SA Reserve Bank deputy governor Daniel Mminele tells ISS Today that the CRA is ready to be accessed by member countries. He says Beijing makes no secret of its ambition to internationalise the yuan – that’s why it made such an effort to get it into the IMF’s basket of currencies and why it is increasing investment, trade and bond issues in yuan.
The company Swift, which does international interbank transactions, says China is also trying to increase global oil deals done in yuan. Russia is already doing that and Saudi Arabia could follow, which would be a huge boost to the yuan. For Russia, especially, circumventing the dollar also helps circumvent US financial sanctions.
President Donald Trump’s recent reimposition of sanctions on Iran, which will prevent any company doing business with Tehran from also doing business through the dollar, underscores the importance of the Chinese strategy.
Nevertheless, it would be ‘stretching it to think that at this time the RMB could replace the dollar as the global reserve currency’, Mminele says. Mminele and Maasdorp also both dismiss any suggestion that BRICS wants to replace the World Bank with the BRICS bank, the IMF with the CRA or the dollar with the yuan.
Maasdorp says the BRICS bank will continue issuing many loans in dollars. Mminele says the aim of both the BRICS bank and CRA is simply to diversify funding options for BRICS members and thereby complement the World Bank and IMF. He says the CRA alone could never fix a major financial crisis but would have to work with the IMF.
The CRA is contributing to the larger global financial safety net because by standing ready to help BRICS members, it potentially frees up IMF funds to be used for non-BRICS countries in crisis. The BRICS bank likewise frees up World Bank development funds for non-BRICS countries.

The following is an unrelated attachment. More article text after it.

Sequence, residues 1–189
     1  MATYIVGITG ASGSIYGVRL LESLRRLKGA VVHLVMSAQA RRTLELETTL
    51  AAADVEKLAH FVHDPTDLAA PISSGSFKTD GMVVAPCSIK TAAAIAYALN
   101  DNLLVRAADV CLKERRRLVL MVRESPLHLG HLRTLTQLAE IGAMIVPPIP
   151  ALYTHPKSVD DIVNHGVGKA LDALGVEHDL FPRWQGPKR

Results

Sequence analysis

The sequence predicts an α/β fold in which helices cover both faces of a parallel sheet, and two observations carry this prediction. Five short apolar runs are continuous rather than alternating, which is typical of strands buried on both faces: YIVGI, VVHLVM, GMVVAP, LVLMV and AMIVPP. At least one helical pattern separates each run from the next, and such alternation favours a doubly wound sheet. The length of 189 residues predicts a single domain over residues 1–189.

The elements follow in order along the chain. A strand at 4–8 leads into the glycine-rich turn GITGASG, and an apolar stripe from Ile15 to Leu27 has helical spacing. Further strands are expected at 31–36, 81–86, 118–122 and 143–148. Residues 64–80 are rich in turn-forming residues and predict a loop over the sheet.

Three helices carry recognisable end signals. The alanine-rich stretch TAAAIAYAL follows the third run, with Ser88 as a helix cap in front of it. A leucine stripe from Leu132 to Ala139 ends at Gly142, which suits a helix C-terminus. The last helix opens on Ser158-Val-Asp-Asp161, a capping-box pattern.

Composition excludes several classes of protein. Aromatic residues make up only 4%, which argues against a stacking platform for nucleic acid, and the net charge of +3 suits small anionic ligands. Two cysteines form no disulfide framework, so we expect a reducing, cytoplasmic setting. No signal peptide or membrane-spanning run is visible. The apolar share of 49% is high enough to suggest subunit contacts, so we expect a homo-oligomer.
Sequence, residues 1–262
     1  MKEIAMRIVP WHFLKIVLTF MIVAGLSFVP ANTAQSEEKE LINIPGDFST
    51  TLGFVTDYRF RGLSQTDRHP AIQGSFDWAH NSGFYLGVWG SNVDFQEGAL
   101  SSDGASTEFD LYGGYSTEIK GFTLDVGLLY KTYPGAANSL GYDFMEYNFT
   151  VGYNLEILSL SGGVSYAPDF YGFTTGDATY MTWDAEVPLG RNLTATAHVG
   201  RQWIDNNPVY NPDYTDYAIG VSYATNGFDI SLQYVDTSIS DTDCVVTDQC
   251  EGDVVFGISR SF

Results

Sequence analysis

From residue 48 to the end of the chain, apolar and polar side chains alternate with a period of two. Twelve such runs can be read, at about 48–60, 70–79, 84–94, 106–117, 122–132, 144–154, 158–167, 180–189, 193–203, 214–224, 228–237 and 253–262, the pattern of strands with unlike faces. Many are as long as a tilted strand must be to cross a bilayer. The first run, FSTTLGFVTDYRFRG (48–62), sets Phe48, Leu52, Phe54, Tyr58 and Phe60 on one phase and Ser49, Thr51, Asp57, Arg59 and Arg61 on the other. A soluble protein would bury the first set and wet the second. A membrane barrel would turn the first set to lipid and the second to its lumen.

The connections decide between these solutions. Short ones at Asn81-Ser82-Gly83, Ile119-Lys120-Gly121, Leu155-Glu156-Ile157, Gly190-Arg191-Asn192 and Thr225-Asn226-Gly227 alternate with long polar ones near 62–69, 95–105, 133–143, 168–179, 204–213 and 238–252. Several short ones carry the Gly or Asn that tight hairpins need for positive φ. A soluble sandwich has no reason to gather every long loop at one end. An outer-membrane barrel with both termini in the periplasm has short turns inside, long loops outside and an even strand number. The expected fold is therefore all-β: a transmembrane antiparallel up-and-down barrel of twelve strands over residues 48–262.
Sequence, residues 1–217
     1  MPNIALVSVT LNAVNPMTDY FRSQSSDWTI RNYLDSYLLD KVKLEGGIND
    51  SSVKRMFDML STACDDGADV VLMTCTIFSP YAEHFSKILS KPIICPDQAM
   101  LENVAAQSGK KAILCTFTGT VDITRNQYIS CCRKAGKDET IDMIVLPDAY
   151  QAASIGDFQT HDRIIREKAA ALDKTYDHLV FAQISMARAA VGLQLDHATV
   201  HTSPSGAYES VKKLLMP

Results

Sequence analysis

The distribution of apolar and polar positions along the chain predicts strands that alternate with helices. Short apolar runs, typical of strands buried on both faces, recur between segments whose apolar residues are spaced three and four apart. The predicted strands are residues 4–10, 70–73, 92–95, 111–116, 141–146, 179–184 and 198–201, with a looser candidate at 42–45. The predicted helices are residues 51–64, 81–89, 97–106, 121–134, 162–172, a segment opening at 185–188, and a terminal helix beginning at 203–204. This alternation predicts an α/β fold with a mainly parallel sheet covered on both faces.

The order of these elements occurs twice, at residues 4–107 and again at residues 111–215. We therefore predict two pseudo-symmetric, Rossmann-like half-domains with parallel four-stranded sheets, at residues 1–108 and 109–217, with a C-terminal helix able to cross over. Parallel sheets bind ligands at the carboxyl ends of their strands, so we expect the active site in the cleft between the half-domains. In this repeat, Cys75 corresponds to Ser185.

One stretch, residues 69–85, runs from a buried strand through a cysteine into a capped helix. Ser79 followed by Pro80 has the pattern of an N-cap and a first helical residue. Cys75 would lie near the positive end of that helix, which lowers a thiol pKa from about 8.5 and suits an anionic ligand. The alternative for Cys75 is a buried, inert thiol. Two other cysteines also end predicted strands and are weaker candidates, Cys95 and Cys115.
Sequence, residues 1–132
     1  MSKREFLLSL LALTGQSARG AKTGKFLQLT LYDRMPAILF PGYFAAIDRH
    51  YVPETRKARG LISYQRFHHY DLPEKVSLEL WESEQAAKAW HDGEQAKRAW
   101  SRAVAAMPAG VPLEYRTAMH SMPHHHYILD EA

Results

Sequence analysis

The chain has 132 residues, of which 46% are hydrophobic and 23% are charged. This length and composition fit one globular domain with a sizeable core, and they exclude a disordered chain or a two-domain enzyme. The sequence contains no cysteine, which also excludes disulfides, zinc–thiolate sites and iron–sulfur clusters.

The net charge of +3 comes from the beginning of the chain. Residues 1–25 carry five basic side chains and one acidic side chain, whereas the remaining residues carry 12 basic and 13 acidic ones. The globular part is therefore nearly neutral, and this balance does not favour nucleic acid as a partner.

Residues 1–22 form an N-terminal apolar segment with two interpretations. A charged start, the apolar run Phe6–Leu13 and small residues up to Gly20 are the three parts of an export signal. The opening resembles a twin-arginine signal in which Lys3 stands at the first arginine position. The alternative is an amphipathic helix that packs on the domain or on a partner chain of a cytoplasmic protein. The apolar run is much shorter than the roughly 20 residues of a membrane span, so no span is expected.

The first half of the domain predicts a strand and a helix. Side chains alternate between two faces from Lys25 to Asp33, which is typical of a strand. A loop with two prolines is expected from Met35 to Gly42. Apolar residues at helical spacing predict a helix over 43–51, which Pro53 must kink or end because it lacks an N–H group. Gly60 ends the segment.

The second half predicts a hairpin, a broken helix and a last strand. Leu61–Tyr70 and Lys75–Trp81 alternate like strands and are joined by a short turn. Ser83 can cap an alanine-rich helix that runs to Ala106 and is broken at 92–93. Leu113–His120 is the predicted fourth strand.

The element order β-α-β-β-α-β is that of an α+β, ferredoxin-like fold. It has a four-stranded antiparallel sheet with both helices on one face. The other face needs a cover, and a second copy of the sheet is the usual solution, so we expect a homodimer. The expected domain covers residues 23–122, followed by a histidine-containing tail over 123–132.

Nor does China itself seem to be competing with the World Bank or IMF, but is rather increasing cooperation with them and trying to increase its influence in them. This is in line with President Xi Jinping’s goal of displacing the currently isolationist and unilateralist United States with China as the new champion of multilateralism and globalisation.
Chinese currency swaps will help African and other countries, especially those with highly volatile currencies, reduce their dependencies on the dollar – but won’t end them. Currencies will still largely be indexed against the dollar, bonds will largely be issued in it and so will most loans.
Maasdorp estimates that only 3% to 5% of all foreign exchange transactions in the world are now in RMB and about 75% are still in dollars. ‘The dollar will remain the anchor currency for a long time. But given that China is destined to become the biggest economy, the RMB will become a much more important currency in trade and foreign reserves,’ he says.
So no African finance minister or central bank governor should be planning for a dollar-free world just yet.This article was first published by our content partner, the Institute for Security Studies, in their ISSToday publication.
(Main image: SeongJoon Cho/Bloomberg/Getty)